The Nowist

The Nowist

– Nowist, a person who believes in living in the moment. A nowist sheds negative things in the past and gains energy from positive things in the present, thereby improving the possible future –

 

Somewhere in Pembrokshire there is a rocky hilltop called The Dragons Back. A series of small tors stretch out along the ridge. From below these rugged rocks give the hills the appearance of the back of a dormant Dragon. Rumour has it that King Arthur is buried here abouts. The rock is Preseli spotted Dolerite and is rumoured to have been transported to stonehenge in 2300 BC to create the outer ring. There is definitely magic in these hills, not least if you are into bouldering.

 

The Bouldering in the Preseli Hills has only recently been discovered and developed. I visited the area several years ago and had a quick explore but never went up there with my climbing shoes. Since then a dedicated group of climbers from South Wales have been developing the area and have put up some truly brilliant problems. The rock is some of the best I have climbed on in the UK, bullet hard Dolerite with amazing friction. “A better texture than Gritstone and with more holds”.

The Nowist climbs an amazing feature which is impossible to miss. A soaring arete with minimal holds. The hight is appealing, the landing is not.

This beautiful problem took me two sessions to climb. On the first session I warmed up on Simon Rawlinson’s amazing problem Purgatory which climbs a thin prow with compression moves and bizarre trickery. This problem is well worth searching out.

I then moved on to the main project. At first I thought the problem looked impossible, but after some work and imagination the moves came together and it was climbed in two halves. The meat of the difficulty is only four moves long and revolves around holding a very condition dependent pinch.

For the following week this problem was the only thing on my mind. Last Saturday, the 2nd of September, I returned. After a quick warm up I did the hard pinch move first go and assumed, wrongly, that it was in the bag. For the next two hours I failed to repeat that move, let alone link the moves together. The sun was coming and the conditions were slipping away. I thought I had blown it, I gave up for the day feeling frustrated and upset.

We spent several hours sitting in the hills admiring the magical place that we were in, watching the world and enjoying the moment. My frustration and thoughts about the problem drifted away, I was resigned to having to return at some point in the future, this didn’t seem too bad as it is a wonderful place to visit.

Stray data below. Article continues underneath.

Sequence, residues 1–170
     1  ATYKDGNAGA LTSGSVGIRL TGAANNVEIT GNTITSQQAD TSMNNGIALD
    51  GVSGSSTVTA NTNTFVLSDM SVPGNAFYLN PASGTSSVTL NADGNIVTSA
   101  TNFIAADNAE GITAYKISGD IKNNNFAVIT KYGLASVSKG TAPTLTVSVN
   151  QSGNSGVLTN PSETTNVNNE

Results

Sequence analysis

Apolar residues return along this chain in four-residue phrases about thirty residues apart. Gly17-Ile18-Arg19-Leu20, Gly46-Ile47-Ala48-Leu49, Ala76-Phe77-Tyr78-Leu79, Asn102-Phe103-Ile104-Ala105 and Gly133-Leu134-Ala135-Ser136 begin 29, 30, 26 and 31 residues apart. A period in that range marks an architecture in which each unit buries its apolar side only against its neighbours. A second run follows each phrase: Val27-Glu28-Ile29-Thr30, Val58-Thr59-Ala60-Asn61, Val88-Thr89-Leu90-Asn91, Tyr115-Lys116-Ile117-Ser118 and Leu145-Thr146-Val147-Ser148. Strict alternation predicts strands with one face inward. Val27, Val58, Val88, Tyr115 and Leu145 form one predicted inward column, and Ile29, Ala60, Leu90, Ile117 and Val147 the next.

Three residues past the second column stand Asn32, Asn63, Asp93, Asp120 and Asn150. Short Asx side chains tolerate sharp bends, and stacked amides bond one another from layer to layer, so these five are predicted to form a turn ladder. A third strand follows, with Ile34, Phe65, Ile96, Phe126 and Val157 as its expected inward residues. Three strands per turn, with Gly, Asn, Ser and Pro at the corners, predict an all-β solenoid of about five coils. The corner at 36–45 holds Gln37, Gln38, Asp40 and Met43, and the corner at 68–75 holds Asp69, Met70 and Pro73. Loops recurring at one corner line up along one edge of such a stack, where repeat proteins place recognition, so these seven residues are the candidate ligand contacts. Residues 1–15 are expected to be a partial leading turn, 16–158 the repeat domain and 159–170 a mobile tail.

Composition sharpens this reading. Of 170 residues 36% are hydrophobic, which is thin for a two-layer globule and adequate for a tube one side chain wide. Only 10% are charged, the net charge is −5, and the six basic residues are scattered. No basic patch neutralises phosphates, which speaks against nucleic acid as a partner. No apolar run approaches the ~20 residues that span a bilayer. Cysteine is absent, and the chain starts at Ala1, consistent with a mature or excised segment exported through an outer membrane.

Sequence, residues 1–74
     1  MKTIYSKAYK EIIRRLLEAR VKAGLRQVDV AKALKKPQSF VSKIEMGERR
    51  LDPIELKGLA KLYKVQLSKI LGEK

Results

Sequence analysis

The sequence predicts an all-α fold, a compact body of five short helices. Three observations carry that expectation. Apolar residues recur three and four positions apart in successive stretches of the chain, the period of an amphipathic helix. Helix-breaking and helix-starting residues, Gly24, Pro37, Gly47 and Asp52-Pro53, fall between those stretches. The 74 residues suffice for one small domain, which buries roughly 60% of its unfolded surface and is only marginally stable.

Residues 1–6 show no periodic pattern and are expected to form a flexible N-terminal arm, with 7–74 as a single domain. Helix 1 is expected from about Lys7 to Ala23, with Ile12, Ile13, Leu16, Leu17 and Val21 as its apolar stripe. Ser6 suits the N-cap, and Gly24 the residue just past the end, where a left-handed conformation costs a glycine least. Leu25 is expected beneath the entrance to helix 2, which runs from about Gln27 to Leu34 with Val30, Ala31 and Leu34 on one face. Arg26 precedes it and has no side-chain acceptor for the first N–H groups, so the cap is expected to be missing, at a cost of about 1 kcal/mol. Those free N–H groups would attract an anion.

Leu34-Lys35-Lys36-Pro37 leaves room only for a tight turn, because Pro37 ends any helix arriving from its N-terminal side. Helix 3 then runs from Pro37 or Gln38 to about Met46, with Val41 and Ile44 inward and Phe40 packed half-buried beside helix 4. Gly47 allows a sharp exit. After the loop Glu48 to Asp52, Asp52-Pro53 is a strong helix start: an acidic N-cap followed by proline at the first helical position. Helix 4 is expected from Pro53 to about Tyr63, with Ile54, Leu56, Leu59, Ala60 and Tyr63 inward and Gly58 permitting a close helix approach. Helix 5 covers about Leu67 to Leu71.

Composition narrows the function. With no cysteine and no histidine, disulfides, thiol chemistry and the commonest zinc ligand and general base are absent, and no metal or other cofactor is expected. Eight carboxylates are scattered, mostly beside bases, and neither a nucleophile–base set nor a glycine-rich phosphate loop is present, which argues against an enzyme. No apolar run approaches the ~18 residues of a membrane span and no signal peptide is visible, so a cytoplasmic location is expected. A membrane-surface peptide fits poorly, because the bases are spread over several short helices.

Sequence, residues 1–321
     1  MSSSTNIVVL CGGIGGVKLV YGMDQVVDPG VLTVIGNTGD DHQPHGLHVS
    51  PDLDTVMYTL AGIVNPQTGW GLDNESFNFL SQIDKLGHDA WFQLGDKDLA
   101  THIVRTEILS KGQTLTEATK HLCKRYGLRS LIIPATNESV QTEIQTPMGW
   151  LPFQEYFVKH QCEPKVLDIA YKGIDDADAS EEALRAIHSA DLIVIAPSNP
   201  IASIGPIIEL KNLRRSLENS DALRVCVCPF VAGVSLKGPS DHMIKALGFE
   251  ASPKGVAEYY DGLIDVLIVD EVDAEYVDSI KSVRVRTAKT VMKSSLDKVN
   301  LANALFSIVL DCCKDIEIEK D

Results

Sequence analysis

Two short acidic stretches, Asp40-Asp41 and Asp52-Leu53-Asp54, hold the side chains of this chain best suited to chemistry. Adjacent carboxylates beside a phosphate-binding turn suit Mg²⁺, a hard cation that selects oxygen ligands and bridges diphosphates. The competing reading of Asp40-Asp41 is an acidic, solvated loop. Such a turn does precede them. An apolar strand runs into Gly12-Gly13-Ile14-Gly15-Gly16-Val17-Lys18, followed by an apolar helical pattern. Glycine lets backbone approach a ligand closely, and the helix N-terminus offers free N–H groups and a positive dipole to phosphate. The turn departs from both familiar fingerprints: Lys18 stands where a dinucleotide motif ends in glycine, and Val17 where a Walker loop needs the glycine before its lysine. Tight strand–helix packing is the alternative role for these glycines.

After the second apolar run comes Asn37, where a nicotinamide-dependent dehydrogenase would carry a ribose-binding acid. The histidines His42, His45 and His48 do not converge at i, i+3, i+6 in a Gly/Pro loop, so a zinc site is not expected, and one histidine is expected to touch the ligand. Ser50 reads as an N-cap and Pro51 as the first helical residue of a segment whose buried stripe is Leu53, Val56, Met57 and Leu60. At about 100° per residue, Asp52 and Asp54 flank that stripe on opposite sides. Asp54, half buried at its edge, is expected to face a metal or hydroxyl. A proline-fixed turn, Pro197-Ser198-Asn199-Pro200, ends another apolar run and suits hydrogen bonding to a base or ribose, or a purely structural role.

The time came for us to pack up and leave for the day, It was getting late and we had been on the hill for over nine hours. My pads were still down under the problem so I decided to have a go, more to confirm to myself that today wasn’t the day than anything else. I chalked my hands, sat under the boulder and placed my hands on the starting holds. Something was different, the rock felt cold and crisp, my hands felt like velcro I pulled on and before I knew it the hard moves were done, I was standing on the top of the boulder. The Nowist was climbed.

It seems that so often this is the way that I get up climbs. Once I have resined myself to “failure” and removed all pressure and expectation form the equation the climbing seems to take care of itself.  Perhaps this has something to do with being in the right place at the right time or more precisely just being in the Now!

I had spent every other attempt building up pressure on myself, setting up the drone for video footage, psyching myself up and telling myself this was the go, all that was needed was to let go of these external and internal pressures and just be present.

This did mean I had to repeat the problem to get some footage with the drone, unfortunately dabbing the pad ever so slightly, I did not feel this at the time and only noticed when watching the footage back. For anyone interested here is some rushed phone footage of the actual ascent:

With regards to the difficulty of this boulder problem, I really don’t know. The climbing suits me but the conditions on the day were far from perfect. It possible sits somewhere in the 7C+ to 8A range although it may feel easier in the cold. Repetitions will tell. Whatever the grade this problem is pure class and is up there with the proudest moments in my climbing.

The rest of the climbing on the Preseli hills is well worth visiting with a brilliant selection of easier problems, information for which you can find here

As alway I would really like to take this moment to thank my Sponsors Mammut, La Sportiva and Lyon Equipment

Road back to 8a (Rehab part 2)

As many of you will know I suffered a full rupture of my A2 pulley whilst on a bouldering trip in South Africa last July. When the injury happened I was in the best form of my life and I was absolutely devastated with the set back. On returning home I set myself a goal which was to be climbing at a reasonable level within 6 months. With this in mind I booked a trip to El Chorro for January.

I am writing this blog sitting outside our Finca in El Chorro having just climbed my first 8a, Mar de Ortigas, since the injury.

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It has taken me 188 days to get back to this level. In my previous blog here I documented the first part of my rehab. Below I will try to explain what I have been doing between then and now.

The next step after completing my finger curls was to build finger strength progressively on the fingerboard. I started with partial body weight hangs on big holds in an open handed grip. The way I did this was to stand on a set of bathroom scales whilst doing my hangs. At first I only took 30% of my body weight, then 40%, then 50% and so on until I could comfortably do my sets of hangs without standing on the scales at all.  I did repeaters i.e 7 seconds of hanging 3 seconds of rest, repeat for 6 reps. This was one set. My sessions consisted of 3 sets with 5 minutes rest between sets.